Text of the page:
Friday, June 28, 2013

Tasting the Best of July 4th

Photo by Jennifer Davick
The fourth of July has always been one of my favorite holidays. As children, my sister and I played in the water hose, swam, and ran circles around our Scuppernong arbor while Dad's barbecue smoked away most of the day. We ate on the screen porch while mosquitoes practically hovered right outside the door waiting for their lunch. The day ended on creamy sweet spoonfuls after we anxiously waited on homemade ice cream to churn. 
No matter the childhood memories or the big plans for the perfect summertime menu, it's a day to be proud to be an American. God Bless America!

Spiced and Smoked Boston Butt

1 cup firmly packed light brown sugar
3 Tbsp. paprika
1 Tbsp. salt
1 Tbsp. celery seeds, crushed
2 tsp. chili powder
1 tsp. garlic powder
1 tsp. ground red pepper
1 tsp. freshly ground black pepper
3⁄4 tsp. ground allspice
1 (5-lb.) bone-in pork shoulder roast (Boston butt)
10 cups hickory chips
1 disposable, aluminum-foil roasting pan
Vinegar Sauce

1. Combine first 9 ingredients in a small bowl. Place pork in a large bowl. Generously coat all sides with 3⁄4 cup spice rub. Reserve remaining rub for another use. Cover pork with plastic wrap; chill 8 to 24 hours.

2. Soak wood chips in water to cover 30 minutes to 2 hours.

3. Place aluminum-foil pan half-full of water on 1 side of a ceramic smoker (such as a Big Green Egg), under the grate, to collect drippings and keep them from burning. Light hardwood charcoal on the other side of the smoker, and bring internal temperature to 300°. Maintain temperature for 15 to 20 minutes.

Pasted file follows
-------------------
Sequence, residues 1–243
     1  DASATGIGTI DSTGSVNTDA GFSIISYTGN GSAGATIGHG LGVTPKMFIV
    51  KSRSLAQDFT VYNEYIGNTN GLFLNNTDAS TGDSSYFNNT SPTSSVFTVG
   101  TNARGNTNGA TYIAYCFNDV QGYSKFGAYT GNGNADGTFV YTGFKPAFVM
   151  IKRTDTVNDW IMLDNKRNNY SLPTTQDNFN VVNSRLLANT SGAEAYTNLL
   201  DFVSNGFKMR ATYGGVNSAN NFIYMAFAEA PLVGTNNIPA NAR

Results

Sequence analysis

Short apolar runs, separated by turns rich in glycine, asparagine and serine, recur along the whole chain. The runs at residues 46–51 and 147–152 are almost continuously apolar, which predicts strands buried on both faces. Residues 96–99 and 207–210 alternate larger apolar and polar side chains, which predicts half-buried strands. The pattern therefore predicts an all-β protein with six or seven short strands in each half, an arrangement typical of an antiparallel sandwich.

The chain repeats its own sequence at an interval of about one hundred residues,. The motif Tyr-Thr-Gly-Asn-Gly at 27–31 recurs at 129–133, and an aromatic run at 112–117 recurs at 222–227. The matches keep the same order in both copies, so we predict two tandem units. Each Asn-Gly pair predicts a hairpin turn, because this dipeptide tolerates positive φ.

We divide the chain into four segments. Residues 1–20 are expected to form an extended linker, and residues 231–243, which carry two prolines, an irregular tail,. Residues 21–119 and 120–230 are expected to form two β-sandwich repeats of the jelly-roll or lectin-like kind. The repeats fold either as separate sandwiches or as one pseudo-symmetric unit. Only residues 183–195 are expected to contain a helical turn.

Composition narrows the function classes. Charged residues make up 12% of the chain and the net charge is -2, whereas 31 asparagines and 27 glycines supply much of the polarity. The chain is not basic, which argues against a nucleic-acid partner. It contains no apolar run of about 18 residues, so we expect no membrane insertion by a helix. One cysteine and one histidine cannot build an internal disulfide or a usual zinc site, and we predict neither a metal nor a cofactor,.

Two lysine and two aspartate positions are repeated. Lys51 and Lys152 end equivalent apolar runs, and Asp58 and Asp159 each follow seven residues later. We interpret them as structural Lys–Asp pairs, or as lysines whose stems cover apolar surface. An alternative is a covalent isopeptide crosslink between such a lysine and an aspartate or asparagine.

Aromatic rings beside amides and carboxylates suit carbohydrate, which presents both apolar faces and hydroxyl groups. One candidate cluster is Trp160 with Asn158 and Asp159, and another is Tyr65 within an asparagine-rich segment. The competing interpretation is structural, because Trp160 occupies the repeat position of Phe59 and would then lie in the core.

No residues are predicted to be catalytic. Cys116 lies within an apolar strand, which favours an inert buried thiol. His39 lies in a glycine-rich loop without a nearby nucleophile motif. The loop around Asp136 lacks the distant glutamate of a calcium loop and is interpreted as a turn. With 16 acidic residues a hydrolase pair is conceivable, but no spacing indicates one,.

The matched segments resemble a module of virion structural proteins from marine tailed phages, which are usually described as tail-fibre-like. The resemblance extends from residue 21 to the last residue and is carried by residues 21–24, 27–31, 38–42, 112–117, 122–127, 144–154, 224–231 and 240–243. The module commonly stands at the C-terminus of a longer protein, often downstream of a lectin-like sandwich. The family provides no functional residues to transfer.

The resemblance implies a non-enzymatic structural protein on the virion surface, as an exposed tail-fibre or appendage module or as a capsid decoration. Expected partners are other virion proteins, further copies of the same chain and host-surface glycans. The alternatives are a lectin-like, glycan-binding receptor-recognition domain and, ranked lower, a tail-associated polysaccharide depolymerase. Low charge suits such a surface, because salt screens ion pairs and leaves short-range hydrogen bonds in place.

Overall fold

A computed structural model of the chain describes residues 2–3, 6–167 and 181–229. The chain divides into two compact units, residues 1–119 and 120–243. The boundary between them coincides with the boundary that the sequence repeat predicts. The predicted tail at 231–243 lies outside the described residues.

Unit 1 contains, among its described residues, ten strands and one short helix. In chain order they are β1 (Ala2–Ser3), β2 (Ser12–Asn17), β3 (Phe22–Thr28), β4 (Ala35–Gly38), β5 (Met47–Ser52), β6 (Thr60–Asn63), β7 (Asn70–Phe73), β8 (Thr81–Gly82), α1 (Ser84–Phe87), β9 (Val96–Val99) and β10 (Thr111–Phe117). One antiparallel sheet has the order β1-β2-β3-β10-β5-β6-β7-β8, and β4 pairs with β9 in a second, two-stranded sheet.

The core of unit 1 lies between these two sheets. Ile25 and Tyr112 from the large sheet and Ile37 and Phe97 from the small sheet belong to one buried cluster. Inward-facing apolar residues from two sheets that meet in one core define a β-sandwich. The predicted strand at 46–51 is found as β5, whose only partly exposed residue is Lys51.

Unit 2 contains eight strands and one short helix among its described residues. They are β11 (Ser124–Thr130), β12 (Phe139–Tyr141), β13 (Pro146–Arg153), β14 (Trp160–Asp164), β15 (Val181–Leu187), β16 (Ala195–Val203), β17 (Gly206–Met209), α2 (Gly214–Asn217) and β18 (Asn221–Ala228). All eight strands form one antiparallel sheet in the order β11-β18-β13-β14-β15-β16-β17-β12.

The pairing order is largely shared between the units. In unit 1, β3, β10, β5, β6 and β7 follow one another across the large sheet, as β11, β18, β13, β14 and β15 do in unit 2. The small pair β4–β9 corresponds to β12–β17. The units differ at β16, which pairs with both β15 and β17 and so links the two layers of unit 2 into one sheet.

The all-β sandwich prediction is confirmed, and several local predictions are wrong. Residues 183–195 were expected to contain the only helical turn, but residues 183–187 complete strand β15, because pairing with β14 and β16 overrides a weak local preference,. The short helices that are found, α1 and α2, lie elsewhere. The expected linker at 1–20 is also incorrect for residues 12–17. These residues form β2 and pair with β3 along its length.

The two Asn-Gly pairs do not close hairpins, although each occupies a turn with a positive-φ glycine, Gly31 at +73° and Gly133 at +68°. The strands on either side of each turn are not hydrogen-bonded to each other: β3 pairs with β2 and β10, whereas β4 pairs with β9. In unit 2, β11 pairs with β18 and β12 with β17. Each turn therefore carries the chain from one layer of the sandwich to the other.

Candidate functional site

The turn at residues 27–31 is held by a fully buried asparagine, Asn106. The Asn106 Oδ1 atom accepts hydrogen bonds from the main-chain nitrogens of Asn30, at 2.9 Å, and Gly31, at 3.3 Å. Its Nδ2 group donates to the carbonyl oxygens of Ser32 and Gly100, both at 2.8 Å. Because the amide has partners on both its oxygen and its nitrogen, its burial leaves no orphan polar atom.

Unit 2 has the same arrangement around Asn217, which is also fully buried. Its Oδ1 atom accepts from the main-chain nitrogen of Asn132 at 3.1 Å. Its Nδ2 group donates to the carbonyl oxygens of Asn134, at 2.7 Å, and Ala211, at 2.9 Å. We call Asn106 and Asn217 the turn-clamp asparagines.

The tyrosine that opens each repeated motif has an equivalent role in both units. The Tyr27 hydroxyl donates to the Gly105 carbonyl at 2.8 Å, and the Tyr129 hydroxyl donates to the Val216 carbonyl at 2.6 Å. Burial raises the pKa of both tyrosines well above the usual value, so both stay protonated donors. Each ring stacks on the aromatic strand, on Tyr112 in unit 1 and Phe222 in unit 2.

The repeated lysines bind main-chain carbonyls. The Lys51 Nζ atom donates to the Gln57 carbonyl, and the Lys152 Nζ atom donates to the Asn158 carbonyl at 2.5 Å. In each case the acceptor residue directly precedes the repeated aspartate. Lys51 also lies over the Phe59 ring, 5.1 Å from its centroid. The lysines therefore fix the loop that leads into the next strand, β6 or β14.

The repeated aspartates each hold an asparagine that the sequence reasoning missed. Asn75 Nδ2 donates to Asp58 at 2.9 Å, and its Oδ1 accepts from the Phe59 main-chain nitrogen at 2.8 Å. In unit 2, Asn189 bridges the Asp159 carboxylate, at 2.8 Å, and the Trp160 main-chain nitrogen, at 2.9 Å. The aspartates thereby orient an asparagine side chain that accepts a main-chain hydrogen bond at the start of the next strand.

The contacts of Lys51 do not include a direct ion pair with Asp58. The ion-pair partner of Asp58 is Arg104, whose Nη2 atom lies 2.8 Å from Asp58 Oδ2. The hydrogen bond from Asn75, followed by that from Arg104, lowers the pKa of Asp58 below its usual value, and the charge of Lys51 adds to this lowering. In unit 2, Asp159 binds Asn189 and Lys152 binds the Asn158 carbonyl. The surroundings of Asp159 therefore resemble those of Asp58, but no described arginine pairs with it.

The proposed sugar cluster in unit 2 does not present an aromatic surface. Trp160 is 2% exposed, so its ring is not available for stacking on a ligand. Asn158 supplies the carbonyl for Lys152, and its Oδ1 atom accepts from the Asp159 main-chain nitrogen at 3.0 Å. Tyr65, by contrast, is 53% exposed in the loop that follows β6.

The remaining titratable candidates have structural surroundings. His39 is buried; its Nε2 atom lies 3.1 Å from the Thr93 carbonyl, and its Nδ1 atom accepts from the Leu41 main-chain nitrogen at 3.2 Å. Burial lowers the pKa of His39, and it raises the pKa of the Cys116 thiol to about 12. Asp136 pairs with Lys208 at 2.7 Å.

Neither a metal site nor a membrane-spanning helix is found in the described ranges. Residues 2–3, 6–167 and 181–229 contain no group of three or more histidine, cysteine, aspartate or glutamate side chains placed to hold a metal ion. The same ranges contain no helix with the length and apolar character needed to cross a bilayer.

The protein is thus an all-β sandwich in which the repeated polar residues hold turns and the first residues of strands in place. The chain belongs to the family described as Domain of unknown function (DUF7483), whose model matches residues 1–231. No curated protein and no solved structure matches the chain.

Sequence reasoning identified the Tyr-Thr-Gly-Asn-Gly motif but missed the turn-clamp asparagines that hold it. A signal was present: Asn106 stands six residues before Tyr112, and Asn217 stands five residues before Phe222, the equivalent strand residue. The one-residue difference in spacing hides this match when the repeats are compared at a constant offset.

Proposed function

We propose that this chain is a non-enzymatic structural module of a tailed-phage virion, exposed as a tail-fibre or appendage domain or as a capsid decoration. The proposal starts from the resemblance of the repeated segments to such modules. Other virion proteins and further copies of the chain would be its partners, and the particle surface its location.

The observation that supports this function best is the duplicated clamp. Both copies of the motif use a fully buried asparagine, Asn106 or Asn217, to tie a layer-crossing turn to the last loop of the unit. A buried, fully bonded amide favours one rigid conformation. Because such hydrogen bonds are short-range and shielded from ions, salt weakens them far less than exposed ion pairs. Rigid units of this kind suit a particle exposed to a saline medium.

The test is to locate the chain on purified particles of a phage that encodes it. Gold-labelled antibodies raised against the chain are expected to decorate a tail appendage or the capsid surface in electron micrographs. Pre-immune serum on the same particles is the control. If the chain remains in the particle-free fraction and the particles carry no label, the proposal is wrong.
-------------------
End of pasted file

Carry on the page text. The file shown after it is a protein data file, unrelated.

4. Drain wood chips, and place 2 cups directly on coals. Place pork, fat side up, on cooking grate over the water pan; cover with smoker lid.

5. Smoke pork, maintaining smoker temperature at 300°, for 6 hours and 30 minutes or until a meat thermometer inserted into thickest portion registers 190° and the meat falls off the bone. Check smoker every 30 minutes, adding wood chips (1 cup at a time) as needed to maintain smoke, and adjusting vents and adding charcoal (5 to 6 pieces at a time) as needed to maintain 300° heat. Keep the lid closed as much as possible. Cover meat with foil when the crust is browned to your liking.
6. Let stand 30 minutes before chopping or pulling. Serve with Vinegar Sauce.

Makes: 8 to 10 servings

Recipe and photo from Around the Southern Table by Rebecca Lang (Oxmoor House, 2012)

Vinegar Sauce

1 1⁄2 cups cider vinegar
1 cup ketchup
1⁄3 cup firmly packed light brown sugar
1 Tbsp. fresh lemon juice
3⁄4 tsp. dried crushed red pepper
1⁄4 tsp. salt
1⁄8 tsp. freshly ground black pepper

1. Combine all ingredients in a large saucepan. Cook over medium-low heat, stirring occasionally, 5 minutes or until brown sugar dissolves. (Do not boil.) Store in refrigerator up to 3 months.

Makes: 3 cups

Recipe and photo from Around the Southern Table by Rebecca Lang (Oxmoor House, 2012)

Easy Ice Cream

Fruit and extract of choice (see below)
3/4 cup milk
3/4 cup heavy cream
1 cup sugar
1/2 cup half-and-half
2 Tbsp. freshly squeezed lemon juice

1. Place the fruit in the bowl of a food processor fitted with the metal blade. Process the fruit until pureed.
2. Combine the pureed fruit, extract, milk, cream, sugar, half-and-half, and lemon juice in a 4-cup measuring cup.
3. Set up a half-gallon ice cream maker according to the manufacturer’s instructions. Turn on the machine, then pour the ice cream mixture into the freezer container. Turning on the machine first keeps any ice cream from sticking to the inside of the freezer container. Freeze according to the manufacturer’s instructions.

Makes: 1/2 gallon

1 pint fresh blueberries
1/4 teaspoon almond extract

3 fresh peaches, peeled
1/2 teaspoon vanilla extract

1/2 pound fresh strawberries, stemmed
1/2 teaspoon vanilla extract

Recipe from Quick-Fix Southern by Rebecca Lang (Andrews McMeel, 2011)

Copyright 2013 Rebecca Lang Cooks, LLC. All rights reserved.